FIRST, SHE took a two-week, mini-maternity leave. Then, she ordered all employees to report to the office every day.
Marissa Mayer, Yahoo’s new, 37-year-old CEO, is a new mother who isn’t sending family-friendly workplace messages. Instead, it looks like she’s trying to out-macho the men who run most of America’s boardrooms.
But as Mayer reinstates a business strategy that measures office facetime and cars in the parking lot, she has a nursery next to her office. It makes the work/family balance easier for Mayer, at the same time her latest decree makes it tougher for everyone else.
The rationale behind Yahoo’s no-telecommuting policy is supposedly connected to the need to reenergize the workforce. Plus, some Yahoo employees were reportedly taking advantage of company flex time. Both are reasonable concerns for a CEO charged with turning around a lagging enterprise in a highly competitive field. Like all CEOs, Mayer has a tough job that requires some unpopular decisions. But in 2013, it seems strange to take such an extreme, either-or approach to addressing legitimate workplace issues.
Togetherness does generate ideas and camaraderie — even lowly newsrooms are a tribute to that theory. An even playing field is important for morale. Granting some favored employees more flexible work hours breeds unhappiness in colleagues who are held to old-fashioned, desk time requirements.
But there’s a middle ground. Workplace productivity and satisfaction can be achieved by striking a balance between showing up at the office for creative reasons and understanding when working from home makes sense for everyone.
Mayer has two degrees from Stanford and was Google’s first female engineer. At Yahoo, she has engineered what she considers work/family balance for herself. But her definition of balance could be part of the problem for other Yahoo employees.
In her first public interview after taking over as Yahoo’s CEO, Mayer said, “I think that for me, it’s God, family, and Yahoo — in that order.” If she believes a two-week maternity satisfies that priority list, soon-to-be mothers who work at Yahoo should definitely consider alternative work environments.
Mayer is interested in breaking some stereotypes associated with female techies. It’s about how they dress, not how they work. According to a New York Times piece published last August, she’s part of a movement to change the techie image from “hoodie sweatshirts, flip-flops and thick glasses” to high-end fashion. To celebrate this new market, Chanel’s president sat at a table with Mayer and other Silicon Valley tech executives at a Las Vegas event last winter. “Designing software and products isn’t all that different from the design of clothes,” Mayer told the Times.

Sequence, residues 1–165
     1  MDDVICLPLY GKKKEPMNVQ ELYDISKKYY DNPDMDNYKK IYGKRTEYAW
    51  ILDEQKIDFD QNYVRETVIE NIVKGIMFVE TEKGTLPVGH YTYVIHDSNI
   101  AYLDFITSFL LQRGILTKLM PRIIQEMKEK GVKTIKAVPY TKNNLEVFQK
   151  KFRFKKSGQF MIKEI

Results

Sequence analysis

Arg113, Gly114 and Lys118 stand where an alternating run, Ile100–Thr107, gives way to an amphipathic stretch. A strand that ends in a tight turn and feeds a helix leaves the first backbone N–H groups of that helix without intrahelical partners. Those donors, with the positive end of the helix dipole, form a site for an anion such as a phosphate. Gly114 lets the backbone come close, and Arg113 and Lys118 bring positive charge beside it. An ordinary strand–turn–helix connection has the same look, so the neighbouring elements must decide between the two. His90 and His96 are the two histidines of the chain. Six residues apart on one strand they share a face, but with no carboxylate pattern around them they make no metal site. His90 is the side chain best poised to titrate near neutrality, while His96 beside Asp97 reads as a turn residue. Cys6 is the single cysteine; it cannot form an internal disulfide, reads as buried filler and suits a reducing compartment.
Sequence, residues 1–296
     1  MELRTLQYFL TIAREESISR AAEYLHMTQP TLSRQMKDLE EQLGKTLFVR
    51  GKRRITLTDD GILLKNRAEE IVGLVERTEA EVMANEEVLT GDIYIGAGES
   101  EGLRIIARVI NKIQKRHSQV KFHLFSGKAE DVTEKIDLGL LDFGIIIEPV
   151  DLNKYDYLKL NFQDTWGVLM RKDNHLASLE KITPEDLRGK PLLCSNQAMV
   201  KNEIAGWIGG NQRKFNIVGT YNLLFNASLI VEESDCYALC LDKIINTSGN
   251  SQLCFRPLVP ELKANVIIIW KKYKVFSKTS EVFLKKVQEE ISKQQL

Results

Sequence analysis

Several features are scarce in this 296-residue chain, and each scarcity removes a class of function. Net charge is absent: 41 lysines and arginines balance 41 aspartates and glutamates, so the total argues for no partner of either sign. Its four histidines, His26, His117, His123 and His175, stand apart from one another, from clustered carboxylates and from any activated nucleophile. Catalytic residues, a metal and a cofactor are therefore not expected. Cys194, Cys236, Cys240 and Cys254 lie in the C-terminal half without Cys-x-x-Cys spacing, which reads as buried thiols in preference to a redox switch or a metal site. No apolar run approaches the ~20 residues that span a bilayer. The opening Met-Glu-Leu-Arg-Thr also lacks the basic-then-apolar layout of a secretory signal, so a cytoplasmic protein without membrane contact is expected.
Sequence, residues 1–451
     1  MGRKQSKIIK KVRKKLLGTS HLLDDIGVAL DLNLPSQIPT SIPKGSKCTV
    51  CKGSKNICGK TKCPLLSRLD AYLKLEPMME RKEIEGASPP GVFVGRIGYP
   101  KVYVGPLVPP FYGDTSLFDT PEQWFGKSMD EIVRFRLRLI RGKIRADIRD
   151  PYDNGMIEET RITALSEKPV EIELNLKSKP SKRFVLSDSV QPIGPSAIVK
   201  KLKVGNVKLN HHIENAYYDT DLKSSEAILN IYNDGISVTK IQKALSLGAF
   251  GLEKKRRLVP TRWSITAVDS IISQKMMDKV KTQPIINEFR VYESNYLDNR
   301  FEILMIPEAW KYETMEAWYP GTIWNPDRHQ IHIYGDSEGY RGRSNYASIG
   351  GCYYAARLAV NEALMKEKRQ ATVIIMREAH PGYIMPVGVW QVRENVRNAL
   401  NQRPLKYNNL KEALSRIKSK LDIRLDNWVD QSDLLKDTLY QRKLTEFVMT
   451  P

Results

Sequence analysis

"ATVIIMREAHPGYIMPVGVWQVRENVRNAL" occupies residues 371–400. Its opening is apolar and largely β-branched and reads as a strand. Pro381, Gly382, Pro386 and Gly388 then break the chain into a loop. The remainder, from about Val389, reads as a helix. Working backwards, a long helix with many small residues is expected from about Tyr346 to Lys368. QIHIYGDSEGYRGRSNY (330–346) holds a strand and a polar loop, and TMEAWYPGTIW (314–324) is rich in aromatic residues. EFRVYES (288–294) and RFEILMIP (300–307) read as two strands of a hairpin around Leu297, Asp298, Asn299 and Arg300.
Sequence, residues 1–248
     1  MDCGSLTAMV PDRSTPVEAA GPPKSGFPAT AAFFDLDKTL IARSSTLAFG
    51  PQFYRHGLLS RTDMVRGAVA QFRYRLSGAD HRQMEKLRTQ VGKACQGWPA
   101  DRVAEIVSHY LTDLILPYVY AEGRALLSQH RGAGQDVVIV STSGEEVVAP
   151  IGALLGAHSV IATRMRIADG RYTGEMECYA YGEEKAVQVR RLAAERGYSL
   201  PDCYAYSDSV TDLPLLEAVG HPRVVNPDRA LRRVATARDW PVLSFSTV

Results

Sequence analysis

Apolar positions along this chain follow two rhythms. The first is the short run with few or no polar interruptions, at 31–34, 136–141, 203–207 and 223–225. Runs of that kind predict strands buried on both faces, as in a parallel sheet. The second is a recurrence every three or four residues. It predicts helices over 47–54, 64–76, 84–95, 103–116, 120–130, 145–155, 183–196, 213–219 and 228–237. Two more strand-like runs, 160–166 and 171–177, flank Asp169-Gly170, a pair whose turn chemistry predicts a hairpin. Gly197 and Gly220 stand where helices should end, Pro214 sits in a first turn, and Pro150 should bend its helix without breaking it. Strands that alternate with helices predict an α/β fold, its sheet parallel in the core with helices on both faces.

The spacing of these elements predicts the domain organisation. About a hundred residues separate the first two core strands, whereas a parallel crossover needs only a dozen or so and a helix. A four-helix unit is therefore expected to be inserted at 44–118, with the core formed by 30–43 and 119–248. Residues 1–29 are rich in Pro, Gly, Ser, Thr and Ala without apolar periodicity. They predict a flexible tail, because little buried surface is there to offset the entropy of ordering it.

But breaking stereotypes by championing policies that move a company forward, but are still family-friendly? That’s not a priority for a CEO who is one of the most powerful women in corporate America.
Mayer said she wants Yahoo to return to being a fun place to work. To that end, she handed out free food and smartphones. That may charm a certain constituency. But give me a boss, male or female, who hands out compliments when deserved instead of snacks and understands that face-to-face communication — not trinkets — builds a team.
Personal interaction is what Mayer said she’s after and that’s a worthy goal. It’s too bad she established the terms of it so rigidly. The memo to Yahoo employees said telecommuters must be back to their desks by June 1, or leave the company.
For decades, the goal of breaking the glass ceiling was tied to the belief that women who did it would manage differently and still build successful companies. If young women like Mayer are back to work before baby’s first month check-up how does that challenge the old boy network and its thinking? If women CEOs insist the work family is more important than the one at home, it validates every male boss who made the same demand.
It makes it harder to root for women like Mayer to succeed. If women are going to run a company just like men used to, what’s the point? If female bosses don’t change the corporate culture — or if they end up making it even tougher for working mothers and fathers — why clamor for diversity at the top?